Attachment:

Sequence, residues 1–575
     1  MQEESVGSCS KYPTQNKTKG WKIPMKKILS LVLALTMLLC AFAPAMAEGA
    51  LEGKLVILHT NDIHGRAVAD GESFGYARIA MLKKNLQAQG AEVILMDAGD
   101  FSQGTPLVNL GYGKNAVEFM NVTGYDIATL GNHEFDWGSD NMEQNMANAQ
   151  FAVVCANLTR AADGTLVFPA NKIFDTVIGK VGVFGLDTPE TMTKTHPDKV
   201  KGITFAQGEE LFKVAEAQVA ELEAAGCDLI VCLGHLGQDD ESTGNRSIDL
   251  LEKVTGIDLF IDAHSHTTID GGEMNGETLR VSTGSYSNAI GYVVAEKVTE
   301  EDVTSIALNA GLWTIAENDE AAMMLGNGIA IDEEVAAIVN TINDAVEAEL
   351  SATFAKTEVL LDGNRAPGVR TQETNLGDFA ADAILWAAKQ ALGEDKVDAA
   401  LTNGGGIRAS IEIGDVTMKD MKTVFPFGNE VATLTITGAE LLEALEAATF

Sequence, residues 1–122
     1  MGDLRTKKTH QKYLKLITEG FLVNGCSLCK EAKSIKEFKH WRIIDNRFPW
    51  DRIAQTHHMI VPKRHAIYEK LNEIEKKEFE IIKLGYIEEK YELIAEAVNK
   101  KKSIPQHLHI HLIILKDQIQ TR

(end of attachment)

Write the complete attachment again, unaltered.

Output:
Sequence, residues 1–575
     1  MQEESVGSCS KYPTQNKTKG WKIPMKKILS LVLALTMLLC AFAPAMAEGA
    51  LEGKLVILHT NDIHGRAVAD GESFGYARIA MLKKNLQAQG AEVILMDAGD
   101  FSQGTPLVNL GYGKNAVEFM NVTGYDIATL GNHEFDWGSD NMEQNMANAQ
   151  FAVVCANLTR AADGTLVFPA NKIFDTVIGK VGVFGLDTPE TMTKTHPDKV
   201  KGITFAQGEE LFKVAEAQVA ELEAAGCDLI VCLGHLGQDD ESTGNRSIDL
   251  LEKVTGIDLF IDAHSHTTID GGEMNGETLR VSTGSYSNAI GYVVAEKVTE
   301  EDVTSIALNA GLWTIAENDE AAMMLGNGIA IDEEVAAIVN TINDAVEAEL
   351  SATFAKTEVL LDGNRAPGVR TQETNLGDFA ADAILWAAKQ ALGEDKVDAA
   401  LTNGGGIRAS IEIGDVTMKD MKTVFPFGNE VATLTITGAE LLEALEAATF

Sequence, residues 1–122
     1  MGDLRTKKTH QKYLKLITEG FLVNGCSLCK EAKSIKEFKH WRIIDNRFPW
    51  DRIAQTHHMI VPKRHAIYEK LNEIEKKEFE IIKLGYIEEK YELIAEAVNK
   101  KKSIPQHLHI HLIILKDQIQ TR